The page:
Thesis: Location Specific Determinants of Foreign Direct Investment - An exploratory study of Japanese investment in Ireland
Thesis: Location Specific Determinants of Foreign Direct Investment - An exploratory study of Japanese investment in Ireland
Thesis: Location Specific Determinants of Foreign Direct Investment - An exploratory study of Japanese investment in Ireland
Thesis: Location Specific Determinants of Foreign Direct Investment - An exploratory study of Japanese investment in Ireland
Thesis: Location Specific Determinants of Foreign Direct Investment - An exploratory study of Japanese investment in Ireland
Thesis: Location Specific Determinants of Foreign Direct Investment - An exploratory study of Japanese investment in Ireland
Thesis: Location Specific Determinants of Foreign Direct Investment - An exploratory study of Japanese investment in Ireland
Thesis: Location Specific Determinants of Foreign Direct Investment - An exploratory study of Japanese investment in Ireland
Thesis: Location Specific Determinants of Foreign Direct Investment - An exploratory study of Japanese investment in Ireland
Thesis: Location Specific Determinants of Foreign Direct Investment - An exploratory study of Japanese investment in Ireland
Thesis: Location Specific Determinants of Foreign Direct Investment - An exploratory study of Japanese investment in Ireland
Thesis: Location Specific Determinants of Foreign Direct Investment - An exploratory study of Japanese investment in Ireland
Thesis: Location Specific Determinants of Foreign Direct Investment - An exploratory study of Japanese investment in Ireland
Thesis: Location Specific Determinants of Foreign Direct Investment - An exploratory study of Japanese investment in Ireland
Thesis: Location Specific Determinants of Foreign Direct Investment - An exploratory study of Japanese investment in Ireland
Thesis: Location Specific Determinants of Foreign Direct Investment - An exploratory study of Japanese investment in Ireland
Thesis: Location Specific Determinants of Foreign Direct Investment - An exploratory study of Japanese investment in Ireland
Thesis: Location Specific Determinants of Foreign Direct Investment - An exploratory study of Japanese investment in Ireland
Thesis: Location Specific Determinants of Foreign Direct Investment - An exploratory study of Japanese investment in Ireland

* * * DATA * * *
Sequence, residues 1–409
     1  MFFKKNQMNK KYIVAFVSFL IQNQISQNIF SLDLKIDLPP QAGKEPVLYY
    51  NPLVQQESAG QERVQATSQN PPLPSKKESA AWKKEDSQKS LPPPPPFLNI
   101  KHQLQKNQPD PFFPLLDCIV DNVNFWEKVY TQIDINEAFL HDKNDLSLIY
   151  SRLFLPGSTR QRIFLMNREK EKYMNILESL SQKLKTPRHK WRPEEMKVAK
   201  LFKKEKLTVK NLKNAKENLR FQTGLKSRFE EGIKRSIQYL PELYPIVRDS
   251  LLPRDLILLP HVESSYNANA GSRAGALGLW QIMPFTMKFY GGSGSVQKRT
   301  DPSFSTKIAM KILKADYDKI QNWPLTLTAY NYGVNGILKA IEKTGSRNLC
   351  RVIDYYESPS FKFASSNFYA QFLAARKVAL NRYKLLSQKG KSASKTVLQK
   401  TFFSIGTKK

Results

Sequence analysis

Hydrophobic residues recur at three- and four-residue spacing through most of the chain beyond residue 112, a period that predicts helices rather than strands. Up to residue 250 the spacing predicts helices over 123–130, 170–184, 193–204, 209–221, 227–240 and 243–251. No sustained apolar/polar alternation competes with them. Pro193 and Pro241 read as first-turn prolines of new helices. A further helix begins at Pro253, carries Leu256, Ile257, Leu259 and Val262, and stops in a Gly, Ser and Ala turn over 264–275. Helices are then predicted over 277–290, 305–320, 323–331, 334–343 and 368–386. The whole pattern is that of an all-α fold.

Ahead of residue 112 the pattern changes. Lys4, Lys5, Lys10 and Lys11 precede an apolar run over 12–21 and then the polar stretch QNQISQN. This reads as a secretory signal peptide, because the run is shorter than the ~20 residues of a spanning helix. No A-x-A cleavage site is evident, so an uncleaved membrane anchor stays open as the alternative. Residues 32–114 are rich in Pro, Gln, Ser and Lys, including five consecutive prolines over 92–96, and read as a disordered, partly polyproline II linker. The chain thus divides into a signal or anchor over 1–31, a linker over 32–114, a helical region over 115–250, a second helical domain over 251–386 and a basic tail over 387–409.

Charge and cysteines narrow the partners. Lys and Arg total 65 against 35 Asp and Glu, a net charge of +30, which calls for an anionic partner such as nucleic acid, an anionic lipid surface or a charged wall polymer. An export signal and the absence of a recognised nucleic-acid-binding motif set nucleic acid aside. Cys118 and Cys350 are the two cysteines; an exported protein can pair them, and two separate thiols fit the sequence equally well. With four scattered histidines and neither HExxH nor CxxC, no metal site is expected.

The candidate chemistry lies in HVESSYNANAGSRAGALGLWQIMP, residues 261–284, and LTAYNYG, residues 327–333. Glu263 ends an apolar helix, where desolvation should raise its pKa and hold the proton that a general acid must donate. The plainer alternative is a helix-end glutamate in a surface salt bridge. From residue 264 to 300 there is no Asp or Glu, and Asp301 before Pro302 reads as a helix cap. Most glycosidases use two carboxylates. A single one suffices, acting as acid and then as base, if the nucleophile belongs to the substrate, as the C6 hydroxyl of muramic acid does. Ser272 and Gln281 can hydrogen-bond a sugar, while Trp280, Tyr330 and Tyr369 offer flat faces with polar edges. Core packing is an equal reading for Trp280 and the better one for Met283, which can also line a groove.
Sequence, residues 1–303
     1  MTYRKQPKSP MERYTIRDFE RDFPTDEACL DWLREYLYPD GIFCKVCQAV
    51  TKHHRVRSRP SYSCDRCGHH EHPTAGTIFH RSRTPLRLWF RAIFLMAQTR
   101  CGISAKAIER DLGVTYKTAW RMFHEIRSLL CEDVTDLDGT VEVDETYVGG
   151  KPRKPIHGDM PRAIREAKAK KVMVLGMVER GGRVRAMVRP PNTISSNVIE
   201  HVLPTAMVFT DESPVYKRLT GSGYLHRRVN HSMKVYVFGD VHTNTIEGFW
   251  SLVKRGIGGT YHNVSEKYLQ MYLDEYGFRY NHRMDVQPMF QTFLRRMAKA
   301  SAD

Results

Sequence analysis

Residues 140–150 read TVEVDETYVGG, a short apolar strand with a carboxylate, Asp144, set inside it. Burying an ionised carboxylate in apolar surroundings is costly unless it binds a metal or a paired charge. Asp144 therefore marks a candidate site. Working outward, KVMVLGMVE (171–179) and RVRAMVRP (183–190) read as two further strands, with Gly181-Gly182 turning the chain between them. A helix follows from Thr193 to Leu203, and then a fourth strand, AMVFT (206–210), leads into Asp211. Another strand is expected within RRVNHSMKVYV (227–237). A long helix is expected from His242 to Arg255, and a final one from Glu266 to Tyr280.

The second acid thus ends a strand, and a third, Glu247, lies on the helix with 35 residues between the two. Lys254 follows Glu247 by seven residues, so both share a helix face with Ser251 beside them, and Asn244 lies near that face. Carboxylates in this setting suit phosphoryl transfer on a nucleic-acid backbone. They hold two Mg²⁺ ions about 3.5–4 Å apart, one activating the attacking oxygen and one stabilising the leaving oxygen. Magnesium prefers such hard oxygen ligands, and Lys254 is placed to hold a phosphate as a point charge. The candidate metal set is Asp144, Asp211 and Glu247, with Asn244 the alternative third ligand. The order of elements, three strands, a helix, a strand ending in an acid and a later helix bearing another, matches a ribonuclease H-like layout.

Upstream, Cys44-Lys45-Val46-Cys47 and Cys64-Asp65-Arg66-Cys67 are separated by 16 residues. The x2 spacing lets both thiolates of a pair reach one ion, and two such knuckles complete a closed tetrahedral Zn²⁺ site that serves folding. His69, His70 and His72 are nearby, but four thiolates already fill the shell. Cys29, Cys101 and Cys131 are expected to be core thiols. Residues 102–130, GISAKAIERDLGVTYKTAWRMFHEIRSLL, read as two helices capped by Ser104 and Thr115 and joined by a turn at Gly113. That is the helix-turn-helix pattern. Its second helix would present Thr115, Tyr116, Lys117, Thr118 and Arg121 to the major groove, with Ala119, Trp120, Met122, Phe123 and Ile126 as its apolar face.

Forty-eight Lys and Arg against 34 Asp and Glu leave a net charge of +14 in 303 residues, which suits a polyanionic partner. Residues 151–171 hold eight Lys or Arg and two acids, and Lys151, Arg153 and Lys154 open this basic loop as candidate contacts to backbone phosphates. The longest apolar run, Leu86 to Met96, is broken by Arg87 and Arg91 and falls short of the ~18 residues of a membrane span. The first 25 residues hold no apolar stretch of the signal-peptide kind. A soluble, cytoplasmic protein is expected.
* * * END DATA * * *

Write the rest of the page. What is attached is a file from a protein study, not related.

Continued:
Thesis: Location Specific Determinants of Foreign Direct Investment - An exploratory study of Japanese investment in Ireland
Thesis: Location Specific Determinants of Foreign Direct Investment - An exploratory study of Japanese investment in Ireland
Thesis: Location Specific Determinants of Foreign Direct Investment - An exploratory study of Japanese investment in Ireland
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Thesis: Location Specific Determinants of Foreign Direct Investment - An exploratory study of Japanese investment in Ireland

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A thesis researching Location Specific Determinants of Foreign Direct Investment of Japanese firms investing in Ireland. This thesis uses the Kano Model for the first time as a lens to examine FDI. Submitted to the National University of Ireland, Galway as part of my Masters in Technology Managment.

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  1. 1. i Location Specific Determinants of Foreign Direct Investment: An exploratory study of Japanese Investment in Ireland Ronan Patrick Coy, B. Eng. A Research Dissertation submitted in partial fulfilment for the Degree of Masters of Science in Technology Management of the National University of Ireland, Galway College of Business, Public Policy and Law School of Business & Economics Head of Department: Dr. Emer Mulligan Research Supervisor: Kathryn Cormican Submission: August 2012
  2. 2. ii I hereby certify that this material, which I now submit for assessment on the programme of study leading to the award of Master of Science in Technology Management, is entirely my own work and has not been taken from the work of others save and to the extent that such work has been cited and acknowledged within the text of my work. Student ID Number 10101315 Name of Candidate Ronan Coy Signature of Candidate Date
  3. 3. iii Acknowledgements I would like to thank Kathryn Cormican for her guidance as my supervisor, Dr Majella Giblin for her help and direction and to the respective lecturers on the MSc in Technology Management, for their support. My gratitude goes to all those who willingly participated in and devoted some of their valuable time to this research. Finally, I would like to thank my family for their support, understanding and baby-sitting duties. I particularly want to thank my wife Susan and my son James for their patience as I completed my studies.